You would if you could experience alternative and “happier” lives as though going to a movie or reading a novel, and then go home. That’s why movies and novels are life lessons, for better or worse. But, unless you were about to die anyway, such experiential, pot-of-pleasure, 1-2-3 “happiness” is not something for which you would trade your actual, admittedly somewhat crummy and often extremely painful life. The cherishing of your life is part of true happiness, and it comes with consciousness. The point is made by numerous modern philosophers—Mark Chekola, for example, as earlier by Robert Nozick and David Schmidtz. But it was made, too, by other philosophers and theologians and poets back to Confucius, Lord Krishna, and before.
The result of ignoring all such arguments and carrying on measuring what cannot be measured is just what you might expect. The so-called “empirical” results thus achieved, in the cases in which they could not anyway be discerned by an alert 12-year-old girl, are often scientifically unbelievable. Frey, for example, reports on results from 1994–1996 in the United States that claim the bottom decile of income earners to be “happy” to the extent of 1.94 on the three-point scale, compared with 2.36 for the top decile. Yet does anyone really believe that an American earning $2,586 a year in 1996 prices and living in crime-ridden public housing was only 18 percent less happy than someone earning $61,836 and living on a pleasant suburban street? Remember: the scales are supposed to be “interval,” God’s measurement. But, if you do not believe the 18 percent, then you are not justified in plotting such a number on a chart with other variables—that is, taking a non-interval scale for an interval scale.
I realize that many of my respected colleagues in economics are willing to believe such an impossible thing, even before breakfast. One of the proponents of happiness studies, the eminent British economist Richard Layard, is fond of noting that “happiness has not risen since the ’50s in the U.S. or Britain or (over a shorter period) in western Germany.” Such an allegation casts doubt on the relevance of the “happiness” so measured. No one who lived in the United States or Britain in the ’50s (I leave judgments on West Germany in the ’70s to others) could possibly believe that the age of Catcher in the Rye or The Loneliness of the Long-Distance Runner was more fulfilling than recent times.
SO IS ALL THE research on the psychology of happiness mere academic hokum? No. What makes people happy is well worth knowing, and it can be ascertained without descending into Benthamism and can be done with due attention to the evidence of 4,000 years of recorded human reflection. Mill remarked of Bentham that he “failed in deriving light from other minds.” He could distinguish poetry from prose only, he said, because “prose is when all the lines except the last go on to the end. Poetry is when some of them fall short of it.” Bentham, like a Samuelsonian economist and a Kahnemanian psychologist, dismissed Plato and Shakespeare and all the wisdom of literature as “vague generalities.” “He did not heed,” Mill continued, “or rather the nature of his mind prevented it from occurring to him, that these generalities contained the whole unanalyzed experience of the human race.”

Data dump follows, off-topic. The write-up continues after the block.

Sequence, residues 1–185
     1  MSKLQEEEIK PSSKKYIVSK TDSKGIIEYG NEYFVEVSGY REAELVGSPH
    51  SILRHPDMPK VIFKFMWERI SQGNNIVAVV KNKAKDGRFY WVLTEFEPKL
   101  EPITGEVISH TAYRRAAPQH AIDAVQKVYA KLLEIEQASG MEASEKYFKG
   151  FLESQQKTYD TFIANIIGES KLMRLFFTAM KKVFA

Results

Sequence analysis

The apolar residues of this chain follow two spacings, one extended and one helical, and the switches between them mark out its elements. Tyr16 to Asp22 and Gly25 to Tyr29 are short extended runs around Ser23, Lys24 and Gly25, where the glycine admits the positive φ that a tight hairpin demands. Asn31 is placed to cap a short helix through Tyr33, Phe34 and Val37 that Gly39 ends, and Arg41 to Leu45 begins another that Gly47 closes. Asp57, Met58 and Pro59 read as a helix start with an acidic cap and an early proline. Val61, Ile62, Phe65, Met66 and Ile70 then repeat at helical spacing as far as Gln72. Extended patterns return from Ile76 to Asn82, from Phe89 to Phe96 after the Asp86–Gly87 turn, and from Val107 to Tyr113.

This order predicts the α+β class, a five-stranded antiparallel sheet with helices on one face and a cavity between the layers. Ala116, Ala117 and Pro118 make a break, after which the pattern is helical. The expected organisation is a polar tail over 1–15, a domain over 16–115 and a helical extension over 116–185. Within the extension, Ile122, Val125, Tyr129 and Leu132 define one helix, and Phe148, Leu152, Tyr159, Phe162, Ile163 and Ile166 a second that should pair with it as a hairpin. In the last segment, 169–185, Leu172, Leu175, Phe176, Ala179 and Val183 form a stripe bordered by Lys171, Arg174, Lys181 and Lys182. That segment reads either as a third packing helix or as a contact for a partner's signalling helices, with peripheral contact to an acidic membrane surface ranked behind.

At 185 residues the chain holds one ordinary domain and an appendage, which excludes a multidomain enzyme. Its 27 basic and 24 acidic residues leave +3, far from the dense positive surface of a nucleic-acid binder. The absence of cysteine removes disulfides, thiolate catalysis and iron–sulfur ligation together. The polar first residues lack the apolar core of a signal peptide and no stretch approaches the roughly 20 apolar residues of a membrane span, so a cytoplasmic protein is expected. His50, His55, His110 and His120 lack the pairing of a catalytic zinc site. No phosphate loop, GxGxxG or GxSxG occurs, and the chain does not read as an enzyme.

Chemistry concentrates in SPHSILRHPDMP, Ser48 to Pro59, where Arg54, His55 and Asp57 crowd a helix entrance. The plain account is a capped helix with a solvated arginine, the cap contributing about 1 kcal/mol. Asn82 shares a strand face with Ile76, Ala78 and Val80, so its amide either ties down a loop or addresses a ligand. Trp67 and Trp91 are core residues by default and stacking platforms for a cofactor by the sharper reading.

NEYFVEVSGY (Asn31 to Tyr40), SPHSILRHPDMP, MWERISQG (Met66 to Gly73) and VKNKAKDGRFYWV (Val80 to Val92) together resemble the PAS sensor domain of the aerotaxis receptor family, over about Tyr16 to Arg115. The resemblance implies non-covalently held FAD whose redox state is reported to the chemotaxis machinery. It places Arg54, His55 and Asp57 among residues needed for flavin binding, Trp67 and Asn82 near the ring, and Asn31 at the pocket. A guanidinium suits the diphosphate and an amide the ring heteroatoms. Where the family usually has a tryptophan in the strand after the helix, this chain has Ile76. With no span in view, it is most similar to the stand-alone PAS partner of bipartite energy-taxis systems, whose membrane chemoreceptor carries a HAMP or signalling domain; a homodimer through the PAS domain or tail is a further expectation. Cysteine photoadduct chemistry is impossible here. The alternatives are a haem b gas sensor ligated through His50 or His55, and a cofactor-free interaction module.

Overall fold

In fact, the “positive psychology movement” created in the ’90s by Mihály Csíkszentmihályi (I will just call him “Mike”) and Martin E.P. Seligman and now hundreds of other psychologists do useful research on the good life with full attention to what we know. It is “positive,” concerned with psychological strengths, as against the steadily growing number of alleged weaknesses (once homosexuality, now still gender crossing) proposed in successive editions of the Diagnostic and Statistical Manual of Mental Disorders. Mike, for example, discovered around 1974 that good lives involve what he calls “flow,” the absorption in a task just within our competence: “in the zone,” as we say, or indeed “feeling flow,” which is how he came up with the word. I remember him in the early ’70s explaining to me his technique for spotting it, by having people carry pagers, a recent invention, which Mike would randomly activate and have the subject write down in a notebook what she was doing and thinking right at that moment. Brilliant. The idea of flow has been fruitful as science, and it deeply acknowledges the humanities, too. The researchers have mercifully never attempted in a Benthamite manner to compare the amounts of flow achieved by Roger Federer at break point with the flow achieved by Miles Davis on Kind of Blue.
In 2004, there appeared a gratifyingly sensible compendium of positive psychology, closely edited by two leaders in the field, Seligman and Christopher Peterson, Character Strengths and Virtues: A Handbook and Classification. In 664 large pages, 40 scientists from clinical and social psychology and related fields present a “manual of the sanities.” The conclusion? The same as Groundhog Day: People are happier when they perform the virtues, in fact the very seven virtues of the Western tradition (found also in the literature and philosophy of the East and South and no doubt the North): prudence (the virtue beloved of economists), justice, temperance, courage, faith (as identity), hope (as purpose), and love.